In the old normal, my relationship with the physical office was mostly positive.
The office was a place where I had nearly immediate access to my team, making a quick brainstorm or huddle just a short walk to a meeting room away. It also meant lunchtime conversations – a welcome break before the second half of the workday.
On occasion, this easy access also meant a lack of focus time thanks to ongoing chatter and a regular stream of “quick questions” from teammates. I found myself regularly bringing home heavier pieces of work that required focus, digging into them only at night after my children were asleep.
For me, a hybrid work model was the dream – a way of combining the daily interactions that supported the culture of any team with segments of time earmarked for me to truly concentrate on a piece of work.
Cue a global COVID-19 pandemic. Almost overnight, my old problems were supplanted by new ones.
In-person interactions used to be an essential part of my professional toolbox. Pre-pandemic, most of my professional relationships were built on the foundations of in-person interactions – and in true Singaporean fashion, with a beverage or a meal involved. Onboarding a new client? Call a meeting. Want to get insights from media contacts? Buy them coffee.
This face time also translated into our client work. We took pride in consumer launches accompanied by eye-popping consumer activations at the trendiest malls. We held media briefings to introduce a new executive spokesperson, treating journalists to breakfast with a charm offensive.
COVID-19 brought with it a hard stop to such in-person interactions. In March 2020, the country went into a two-month lockdown, and we embarked on what is now heralded as the biggest work-from-home experiment in Singaporean history. We pivoted traditionally offline experiences to online versions. Quality content took the driver’s seat, working even harder than before to deliver messages that resonate. And we did our best to sustain professional relationships through virtual social hours – BYO coffee chats across screens, with the certainty of making it to the next client call in good time.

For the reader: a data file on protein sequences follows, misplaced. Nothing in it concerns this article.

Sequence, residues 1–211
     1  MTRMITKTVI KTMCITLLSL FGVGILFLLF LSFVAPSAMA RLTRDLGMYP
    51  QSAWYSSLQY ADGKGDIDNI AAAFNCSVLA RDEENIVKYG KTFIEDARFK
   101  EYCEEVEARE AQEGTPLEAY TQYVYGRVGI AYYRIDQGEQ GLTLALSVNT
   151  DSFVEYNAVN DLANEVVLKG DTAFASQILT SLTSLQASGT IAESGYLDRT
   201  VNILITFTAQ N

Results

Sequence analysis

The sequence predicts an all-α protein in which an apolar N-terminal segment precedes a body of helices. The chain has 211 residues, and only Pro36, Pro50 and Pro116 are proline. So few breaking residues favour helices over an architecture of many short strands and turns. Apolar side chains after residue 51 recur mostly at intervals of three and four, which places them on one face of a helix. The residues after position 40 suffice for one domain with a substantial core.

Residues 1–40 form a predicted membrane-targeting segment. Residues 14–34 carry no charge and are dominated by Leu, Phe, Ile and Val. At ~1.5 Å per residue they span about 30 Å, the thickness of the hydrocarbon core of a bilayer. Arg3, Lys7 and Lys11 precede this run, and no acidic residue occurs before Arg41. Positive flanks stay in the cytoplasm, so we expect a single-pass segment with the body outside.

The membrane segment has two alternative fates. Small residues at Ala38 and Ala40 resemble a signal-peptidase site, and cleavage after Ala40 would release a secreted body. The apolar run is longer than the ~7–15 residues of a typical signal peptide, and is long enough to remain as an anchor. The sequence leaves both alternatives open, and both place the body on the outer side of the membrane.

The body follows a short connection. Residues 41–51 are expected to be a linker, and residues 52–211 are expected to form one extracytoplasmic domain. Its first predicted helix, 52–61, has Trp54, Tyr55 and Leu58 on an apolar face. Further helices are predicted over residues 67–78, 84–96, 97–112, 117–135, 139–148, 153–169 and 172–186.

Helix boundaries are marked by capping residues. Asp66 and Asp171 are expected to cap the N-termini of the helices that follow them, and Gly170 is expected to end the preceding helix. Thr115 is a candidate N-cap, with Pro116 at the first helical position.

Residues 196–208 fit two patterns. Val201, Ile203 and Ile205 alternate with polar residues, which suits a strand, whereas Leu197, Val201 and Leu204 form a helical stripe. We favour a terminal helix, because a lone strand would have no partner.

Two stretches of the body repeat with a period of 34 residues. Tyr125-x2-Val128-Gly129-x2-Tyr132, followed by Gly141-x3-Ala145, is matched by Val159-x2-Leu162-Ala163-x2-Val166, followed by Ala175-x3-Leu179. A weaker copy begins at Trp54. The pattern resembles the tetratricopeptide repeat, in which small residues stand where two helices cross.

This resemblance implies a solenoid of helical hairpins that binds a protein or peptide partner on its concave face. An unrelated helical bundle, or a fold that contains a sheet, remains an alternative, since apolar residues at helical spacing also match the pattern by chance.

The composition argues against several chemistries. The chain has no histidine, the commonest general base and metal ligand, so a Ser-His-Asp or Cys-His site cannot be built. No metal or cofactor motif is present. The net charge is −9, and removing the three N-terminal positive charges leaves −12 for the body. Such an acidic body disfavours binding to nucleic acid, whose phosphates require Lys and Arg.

I found myself more productive. Throw out the commute to and from work, “show-face” events and superfluous meetings, and I reveled in my new superpower of toggling between a client WIP call and an op-ed that needed to get out before EOD. In-person engagements, rare as they now were, became more deliberate affairs focused on enhancing relationships – rather than casual interactions that were taken for granted.
And then, I changed jobs.
When new beginnings take place virtually
Joining A+P during a pandemic was unlike any previous onboarding experience. For any new team member, walking into a busy office is the fastest way to understand nuances and synergies – the team vibe, if you will. As an account director looking to build trust and begin relationships, I fretted about the loss of such casual workplace interactions.